The initial amount of time usually given to bring a property into compliance is fifteen days, as stated in the violation notice. The exceptions to this include a repeat violation; a violation that is considered a threat to public health or safety; and a violation that is irreparable or irreversible in nature.
After a notice of violation has been issued and the time allowed to bring the property into compliance has expired, the officer will initiate a hearing before the special magistrate. At the hearing the officer will present the case and explain why the property is in violation, and the property owner (or their agent) is provided the opportunity to refute the violation as well as cross-examine the code officer.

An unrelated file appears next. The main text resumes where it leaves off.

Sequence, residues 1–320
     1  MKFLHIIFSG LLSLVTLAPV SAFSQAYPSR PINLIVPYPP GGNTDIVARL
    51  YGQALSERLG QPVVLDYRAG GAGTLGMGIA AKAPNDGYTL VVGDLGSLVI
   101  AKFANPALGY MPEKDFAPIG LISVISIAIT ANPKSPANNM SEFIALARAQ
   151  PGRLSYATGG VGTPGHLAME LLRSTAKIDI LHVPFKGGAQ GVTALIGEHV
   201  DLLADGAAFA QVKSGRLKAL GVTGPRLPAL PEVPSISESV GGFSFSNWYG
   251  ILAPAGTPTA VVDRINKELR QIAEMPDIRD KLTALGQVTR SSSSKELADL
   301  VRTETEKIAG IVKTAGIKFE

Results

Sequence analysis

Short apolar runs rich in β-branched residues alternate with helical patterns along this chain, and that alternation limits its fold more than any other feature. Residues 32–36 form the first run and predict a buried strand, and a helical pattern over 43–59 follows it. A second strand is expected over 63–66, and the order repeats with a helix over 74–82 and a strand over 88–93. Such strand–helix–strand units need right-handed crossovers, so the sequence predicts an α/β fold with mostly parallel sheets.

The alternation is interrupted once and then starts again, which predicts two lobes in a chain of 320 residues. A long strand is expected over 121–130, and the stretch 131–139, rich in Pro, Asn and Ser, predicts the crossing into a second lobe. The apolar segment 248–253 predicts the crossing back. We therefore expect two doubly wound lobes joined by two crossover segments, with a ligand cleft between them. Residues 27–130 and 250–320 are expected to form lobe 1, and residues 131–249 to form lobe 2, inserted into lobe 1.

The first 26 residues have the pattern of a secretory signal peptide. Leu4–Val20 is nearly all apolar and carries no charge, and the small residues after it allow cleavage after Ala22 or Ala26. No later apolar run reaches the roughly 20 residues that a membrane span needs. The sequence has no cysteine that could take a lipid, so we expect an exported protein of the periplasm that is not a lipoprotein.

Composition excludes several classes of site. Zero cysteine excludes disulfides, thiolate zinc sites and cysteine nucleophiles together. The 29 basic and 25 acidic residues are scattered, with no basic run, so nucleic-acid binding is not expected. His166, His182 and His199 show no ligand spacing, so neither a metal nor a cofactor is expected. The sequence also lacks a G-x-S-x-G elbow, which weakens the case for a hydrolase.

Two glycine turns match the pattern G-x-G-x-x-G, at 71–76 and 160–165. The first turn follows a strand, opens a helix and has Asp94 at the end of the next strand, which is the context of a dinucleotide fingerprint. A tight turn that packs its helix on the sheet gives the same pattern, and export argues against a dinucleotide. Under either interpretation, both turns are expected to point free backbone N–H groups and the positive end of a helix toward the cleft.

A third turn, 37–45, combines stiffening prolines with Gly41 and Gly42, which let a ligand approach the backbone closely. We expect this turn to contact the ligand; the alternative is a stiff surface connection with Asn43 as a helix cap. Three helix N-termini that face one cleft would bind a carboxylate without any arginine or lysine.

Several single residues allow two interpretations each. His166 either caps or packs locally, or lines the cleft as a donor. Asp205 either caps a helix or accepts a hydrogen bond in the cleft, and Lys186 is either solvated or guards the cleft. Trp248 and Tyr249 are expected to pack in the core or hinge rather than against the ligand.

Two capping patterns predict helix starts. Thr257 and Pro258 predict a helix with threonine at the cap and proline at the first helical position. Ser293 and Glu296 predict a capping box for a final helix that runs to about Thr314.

If the town prevails in prosecuting the case, the magistrate grants an additional period of time for compliance to occur and also assesses the owner both administrative costs and a possible fine of up to $1,000 for each day the property remains in violation. A repeat violator can be fined up to $5,000 per day, and if the violation is considered irreparable or irreversible, a one-time fine of up to $15,000 can be assessed.
If the violation continues to exist beyond the time granted for compliance, a lien is recorded against the property in the public records of Palm Beach County. The lien can stay in effect for 20 years before it expires, and if the property is not homesteaded, foreclosure proceedings can be initiated by the town.